In some artistic circles, the question of whether or not photography is a fine art continues to be a philosophical argument. Even in the earliest days of photography, the mid-1800’s, some artists from the American Hudson River School of Art used photography to enhance their memory and record detail for their oil paintings. During that era, no one would have entered a photograph in a major exhibition of fine art.
But today, photography is an entirely different creature. It is available to nearly everyone, at every corner, and rarely is it questioned as an art form anymore. But what makes a recorded image art?
Some would argue that art is, quite simply, a form of communication. Therefore, if a smile from a young child you’ve never met makes you smile back, or a sun lit beach reminds you of a moment in your life, then that photograph has communicated with you.
Regardless of your philosophical approach to art, the photography exhibit currently on display in the Mary G. Burr Gallery at the Cheraw Community Center is a stunning, visual collection of images from near and far. The subjects include birds in flight, insects, orchids, local historical buildings, families from foreign countries, family weddings, Southern plantations, Japanese gardens, portraits and even abstract images that exist in nature.
Most of the exhibiting photographers are local residents; a few regularly exhibit their work with the Darlington County Photography Club. Some are professional photographers. For others, it’s simply what they do.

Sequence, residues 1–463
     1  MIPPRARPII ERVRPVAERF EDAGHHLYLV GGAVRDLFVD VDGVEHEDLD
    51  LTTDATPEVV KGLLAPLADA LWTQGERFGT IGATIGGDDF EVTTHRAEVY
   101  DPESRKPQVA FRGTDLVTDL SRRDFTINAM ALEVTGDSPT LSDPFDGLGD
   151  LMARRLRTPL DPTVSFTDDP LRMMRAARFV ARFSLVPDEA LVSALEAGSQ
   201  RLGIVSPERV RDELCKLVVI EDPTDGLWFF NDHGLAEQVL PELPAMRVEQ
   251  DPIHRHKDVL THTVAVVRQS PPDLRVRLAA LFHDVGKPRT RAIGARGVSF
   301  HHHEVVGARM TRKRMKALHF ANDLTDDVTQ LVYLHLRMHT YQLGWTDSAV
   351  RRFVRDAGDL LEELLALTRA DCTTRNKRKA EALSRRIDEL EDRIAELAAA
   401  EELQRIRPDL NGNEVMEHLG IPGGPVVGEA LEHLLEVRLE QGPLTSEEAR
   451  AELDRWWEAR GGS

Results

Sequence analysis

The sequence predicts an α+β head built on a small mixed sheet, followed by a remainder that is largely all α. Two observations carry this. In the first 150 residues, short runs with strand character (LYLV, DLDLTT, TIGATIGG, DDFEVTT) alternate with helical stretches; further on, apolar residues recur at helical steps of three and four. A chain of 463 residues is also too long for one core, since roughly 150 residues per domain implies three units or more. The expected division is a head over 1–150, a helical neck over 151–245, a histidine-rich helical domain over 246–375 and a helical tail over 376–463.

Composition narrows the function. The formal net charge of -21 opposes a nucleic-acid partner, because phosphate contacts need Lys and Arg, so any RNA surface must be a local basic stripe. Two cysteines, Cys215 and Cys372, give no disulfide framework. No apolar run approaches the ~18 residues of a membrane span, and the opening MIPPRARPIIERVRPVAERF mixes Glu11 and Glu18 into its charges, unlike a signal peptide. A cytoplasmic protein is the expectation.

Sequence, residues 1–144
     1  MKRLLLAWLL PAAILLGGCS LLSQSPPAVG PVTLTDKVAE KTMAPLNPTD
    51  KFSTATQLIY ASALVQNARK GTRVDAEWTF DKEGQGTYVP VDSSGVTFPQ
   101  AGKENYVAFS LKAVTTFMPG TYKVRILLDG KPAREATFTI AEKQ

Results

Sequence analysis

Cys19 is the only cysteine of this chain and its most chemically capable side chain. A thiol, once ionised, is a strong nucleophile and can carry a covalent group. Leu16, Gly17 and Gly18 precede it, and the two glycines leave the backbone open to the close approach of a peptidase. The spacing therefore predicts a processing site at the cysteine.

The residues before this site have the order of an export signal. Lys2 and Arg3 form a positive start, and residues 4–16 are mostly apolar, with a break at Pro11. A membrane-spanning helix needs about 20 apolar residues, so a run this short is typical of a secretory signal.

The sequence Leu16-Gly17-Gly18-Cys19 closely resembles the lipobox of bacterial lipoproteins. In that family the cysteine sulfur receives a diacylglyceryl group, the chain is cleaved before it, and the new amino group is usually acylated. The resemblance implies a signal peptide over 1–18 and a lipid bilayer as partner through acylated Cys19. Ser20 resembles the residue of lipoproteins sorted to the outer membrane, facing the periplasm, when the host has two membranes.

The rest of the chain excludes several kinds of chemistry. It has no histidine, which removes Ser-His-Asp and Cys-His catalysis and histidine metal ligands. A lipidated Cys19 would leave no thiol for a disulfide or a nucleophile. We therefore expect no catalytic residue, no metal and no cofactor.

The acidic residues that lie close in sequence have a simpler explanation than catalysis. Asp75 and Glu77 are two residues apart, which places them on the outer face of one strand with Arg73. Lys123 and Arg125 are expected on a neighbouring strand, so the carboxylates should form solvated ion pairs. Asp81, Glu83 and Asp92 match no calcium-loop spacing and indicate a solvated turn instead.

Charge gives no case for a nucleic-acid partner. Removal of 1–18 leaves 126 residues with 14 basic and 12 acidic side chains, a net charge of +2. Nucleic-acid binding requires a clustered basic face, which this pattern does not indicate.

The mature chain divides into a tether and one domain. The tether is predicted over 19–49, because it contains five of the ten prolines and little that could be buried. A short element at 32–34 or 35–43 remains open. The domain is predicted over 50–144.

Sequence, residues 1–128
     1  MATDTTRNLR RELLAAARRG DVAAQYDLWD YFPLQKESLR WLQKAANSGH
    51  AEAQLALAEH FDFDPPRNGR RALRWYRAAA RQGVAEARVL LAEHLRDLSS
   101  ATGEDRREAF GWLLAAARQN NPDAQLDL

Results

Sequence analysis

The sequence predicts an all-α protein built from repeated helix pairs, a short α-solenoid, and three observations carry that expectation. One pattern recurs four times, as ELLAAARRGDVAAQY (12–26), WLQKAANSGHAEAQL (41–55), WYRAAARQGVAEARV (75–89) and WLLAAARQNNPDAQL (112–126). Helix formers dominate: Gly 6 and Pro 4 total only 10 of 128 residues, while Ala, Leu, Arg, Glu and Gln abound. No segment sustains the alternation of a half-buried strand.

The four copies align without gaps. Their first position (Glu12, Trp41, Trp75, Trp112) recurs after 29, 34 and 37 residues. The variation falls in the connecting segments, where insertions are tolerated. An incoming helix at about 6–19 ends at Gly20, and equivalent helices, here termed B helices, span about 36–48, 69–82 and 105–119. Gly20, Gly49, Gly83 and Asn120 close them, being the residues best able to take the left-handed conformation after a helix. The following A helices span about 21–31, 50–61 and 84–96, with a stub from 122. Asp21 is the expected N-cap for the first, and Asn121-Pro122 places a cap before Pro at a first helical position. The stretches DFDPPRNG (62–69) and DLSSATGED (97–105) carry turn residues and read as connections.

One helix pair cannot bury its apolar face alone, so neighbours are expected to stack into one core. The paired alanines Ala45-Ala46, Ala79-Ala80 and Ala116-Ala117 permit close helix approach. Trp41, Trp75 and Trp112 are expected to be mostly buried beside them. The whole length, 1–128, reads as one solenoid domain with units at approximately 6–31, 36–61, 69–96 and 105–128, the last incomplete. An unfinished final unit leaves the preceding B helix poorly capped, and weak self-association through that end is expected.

For Suzanne Muldrow, who retired from teaching elementary school in 2000, it’s now her “passion.” She didn’t really take up photography until after she retired. Yet many of her photos, requested by Chris Bridges of Wannamaker’s Drug Store, have been made into post cards, currently on sale there.
Morgan W. Davies, studied art in Ohio, and worked as a photo journalist there for a while. She is currently married to Mark Davies, director of the Cheraw State Park. Her work for the exhibit was done in 2001, while traveling in Moldova. For her, photography is all about capturing the essence of a singular moment in time, a record of real life, she said. “A subtle expression, or the softness of the morning light can make all the difference in the world as to whether or not a photograph works.” For her, the art of photography is in choosing,or capturing, that precise moment.
Other exhibiting photographers include Beth Maier, James C. Crawford, Margaret Reid, Susan Griggs, Robin Gibson, Anne Baldwin, Tish Hiteman, Linda Humphries, R.J. Suggs, Jim Fernandes, Dr. Mike Freeman, Diane Frick, Roger Fisher, Frederick Brooks, Lee Benoy, Meaghan Crawley, H. Anne Plettinger, John Moore and Mary Ann Godwin.
The exhibit, sponsored by the Cheraw Arts Commission, will remain on display until the end of May. Hours are 8:30 a.m. until 5 p.m., Monday through Friday.
The Cheraw Arts Commission is sponsored in part by the Chesterfield County United Way and the South Carolina Arts Commission which receives funding from the National Endowment for the Arts.
— Staff Writer Karen Kissiah can be reached by calling 843-537-5261, or by email at email@example.com.